In conversation with Tarek Shuaib, managing partner of Pace.
Tarek Shuaib joined Pace in 1988, where he kicked off his career working on a number of esteemed projects such as the Bayan Palace and the Central Bank of Kuwait. Since becoming partner in 2005, Shuaib has been leading Pace as a design principal, focusing on a number of key projects in the state. As well as being a committee member of the Technical Board of the Union of Consulting Offices, Shuaib is also an international associate member of the American Institute of Architects and member of the Kuwait Society of Engineers. Having been formed in 1968 by Hamid Abdulsalam Shuaib and Partners, Pace has grown to employ over 300 professionals and has worked with the likes of Zaha Hadid and SOM on signature projects in Kuwait.
What valuable lessons did you learn from your father, the founder of Pace?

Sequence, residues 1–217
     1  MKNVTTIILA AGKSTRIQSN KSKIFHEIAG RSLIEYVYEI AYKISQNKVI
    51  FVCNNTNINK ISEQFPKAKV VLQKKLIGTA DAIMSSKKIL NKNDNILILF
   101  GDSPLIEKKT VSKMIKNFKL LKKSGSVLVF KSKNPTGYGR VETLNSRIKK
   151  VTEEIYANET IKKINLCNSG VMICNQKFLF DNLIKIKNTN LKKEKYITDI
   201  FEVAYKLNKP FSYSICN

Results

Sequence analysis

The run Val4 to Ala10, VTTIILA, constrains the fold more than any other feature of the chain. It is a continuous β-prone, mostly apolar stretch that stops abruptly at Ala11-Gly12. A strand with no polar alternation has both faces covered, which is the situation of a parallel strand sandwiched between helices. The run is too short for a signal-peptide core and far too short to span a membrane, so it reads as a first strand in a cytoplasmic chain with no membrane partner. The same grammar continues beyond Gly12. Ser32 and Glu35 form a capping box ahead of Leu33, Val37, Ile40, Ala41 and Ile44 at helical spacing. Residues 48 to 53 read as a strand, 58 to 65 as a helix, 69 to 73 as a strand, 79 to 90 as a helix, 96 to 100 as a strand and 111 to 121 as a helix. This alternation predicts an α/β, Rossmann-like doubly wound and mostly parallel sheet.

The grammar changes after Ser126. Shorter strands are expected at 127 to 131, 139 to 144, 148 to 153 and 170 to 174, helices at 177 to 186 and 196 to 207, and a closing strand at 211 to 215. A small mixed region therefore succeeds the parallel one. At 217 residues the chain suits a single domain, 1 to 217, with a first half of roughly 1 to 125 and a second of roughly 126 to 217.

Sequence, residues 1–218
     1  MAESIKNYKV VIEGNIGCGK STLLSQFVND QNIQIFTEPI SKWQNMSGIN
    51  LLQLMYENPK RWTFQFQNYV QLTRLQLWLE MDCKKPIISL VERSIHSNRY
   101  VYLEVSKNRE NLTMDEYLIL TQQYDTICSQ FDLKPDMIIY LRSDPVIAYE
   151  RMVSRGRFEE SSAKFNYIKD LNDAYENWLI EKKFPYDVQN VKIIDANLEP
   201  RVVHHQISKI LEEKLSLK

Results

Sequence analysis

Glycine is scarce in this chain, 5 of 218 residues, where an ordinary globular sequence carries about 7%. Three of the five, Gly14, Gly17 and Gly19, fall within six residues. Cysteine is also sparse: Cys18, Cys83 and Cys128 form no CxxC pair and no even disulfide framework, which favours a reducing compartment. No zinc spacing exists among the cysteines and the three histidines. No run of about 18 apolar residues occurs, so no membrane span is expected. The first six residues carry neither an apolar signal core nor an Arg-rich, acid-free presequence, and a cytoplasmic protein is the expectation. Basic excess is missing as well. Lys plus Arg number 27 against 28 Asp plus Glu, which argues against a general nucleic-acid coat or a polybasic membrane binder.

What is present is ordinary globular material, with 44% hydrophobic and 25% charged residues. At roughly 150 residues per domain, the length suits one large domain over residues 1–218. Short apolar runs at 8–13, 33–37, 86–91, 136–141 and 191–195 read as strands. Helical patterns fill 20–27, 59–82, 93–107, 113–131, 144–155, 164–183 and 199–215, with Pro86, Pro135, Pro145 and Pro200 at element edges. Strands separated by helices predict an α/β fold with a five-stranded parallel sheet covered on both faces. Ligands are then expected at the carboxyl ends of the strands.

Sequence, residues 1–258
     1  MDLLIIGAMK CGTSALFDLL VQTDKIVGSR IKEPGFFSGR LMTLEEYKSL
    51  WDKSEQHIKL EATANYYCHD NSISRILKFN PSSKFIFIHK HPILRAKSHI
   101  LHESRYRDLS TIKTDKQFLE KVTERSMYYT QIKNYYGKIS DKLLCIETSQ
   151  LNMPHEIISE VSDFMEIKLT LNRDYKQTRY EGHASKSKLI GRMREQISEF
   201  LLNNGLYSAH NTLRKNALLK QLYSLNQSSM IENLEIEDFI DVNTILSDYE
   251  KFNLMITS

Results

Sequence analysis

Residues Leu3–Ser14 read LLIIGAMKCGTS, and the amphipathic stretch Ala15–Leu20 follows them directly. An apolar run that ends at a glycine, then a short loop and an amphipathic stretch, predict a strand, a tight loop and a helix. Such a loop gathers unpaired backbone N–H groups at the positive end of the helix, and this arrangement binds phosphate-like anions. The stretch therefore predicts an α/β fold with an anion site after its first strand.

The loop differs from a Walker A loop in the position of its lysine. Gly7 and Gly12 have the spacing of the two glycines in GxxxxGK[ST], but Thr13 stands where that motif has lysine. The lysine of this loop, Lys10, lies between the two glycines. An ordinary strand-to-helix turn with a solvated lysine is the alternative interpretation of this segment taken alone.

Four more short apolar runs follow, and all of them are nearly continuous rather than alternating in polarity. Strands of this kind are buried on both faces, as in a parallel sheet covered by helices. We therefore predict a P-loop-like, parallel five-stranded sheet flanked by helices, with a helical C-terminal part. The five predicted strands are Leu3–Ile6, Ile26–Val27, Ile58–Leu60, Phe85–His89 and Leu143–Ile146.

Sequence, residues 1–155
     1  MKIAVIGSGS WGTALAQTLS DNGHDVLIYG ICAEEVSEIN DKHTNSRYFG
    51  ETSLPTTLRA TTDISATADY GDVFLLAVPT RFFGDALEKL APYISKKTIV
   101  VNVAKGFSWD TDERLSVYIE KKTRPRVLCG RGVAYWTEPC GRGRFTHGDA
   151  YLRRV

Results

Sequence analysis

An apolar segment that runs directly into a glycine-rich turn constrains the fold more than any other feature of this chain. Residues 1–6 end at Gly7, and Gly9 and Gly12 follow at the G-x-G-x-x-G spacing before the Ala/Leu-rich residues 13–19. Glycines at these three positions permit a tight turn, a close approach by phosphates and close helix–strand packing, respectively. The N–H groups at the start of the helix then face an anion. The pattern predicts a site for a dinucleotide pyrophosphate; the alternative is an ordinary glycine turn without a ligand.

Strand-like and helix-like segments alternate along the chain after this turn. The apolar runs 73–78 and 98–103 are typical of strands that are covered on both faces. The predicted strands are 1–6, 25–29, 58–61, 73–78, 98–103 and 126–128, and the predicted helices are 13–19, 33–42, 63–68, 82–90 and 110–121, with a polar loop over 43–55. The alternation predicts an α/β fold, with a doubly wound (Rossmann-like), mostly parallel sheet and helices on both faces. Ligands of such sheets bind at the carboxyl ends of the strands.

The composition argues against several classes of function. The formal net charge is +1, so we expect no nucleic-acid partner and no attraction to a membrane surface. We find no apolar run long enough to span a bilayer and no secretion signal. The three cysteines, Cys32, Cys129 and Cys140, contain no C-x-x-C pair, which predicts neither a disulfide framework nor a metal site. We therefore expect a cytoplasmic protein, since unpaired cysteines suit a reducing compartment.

My father was always ahead of his time. He was a visionary who foresaw a golden opportunity for local architects and engineers to be a part of a historical transformation and leave a permanent mark on the country’s history. He was very accessible to all the staff members, from top to bottom, and had a wealth of knowledge. My father was an expert within his field – he was the chief architect in Kuwait Municipality and people from all across the construction industry used to come to him for advice. He started his own company in 1968 to fill what he saw as a major gap in the on-rise Kuwaiti market. In a reflection of the spirit of the time, he called the firm the Pan Arab Consulting Engineers. Back then, there were hardly any consulting offices who were designing and building anything across the country and it was my father’s ambition to create the best architecture along the highest international standards. We learned a lot of lessons from him. Firstly his good nature influenced the business because clients and employees were devoted to him. Pace was never just a business – it was a family firm. And this is one of the traits we try we instill in the firm nearly 45 years later.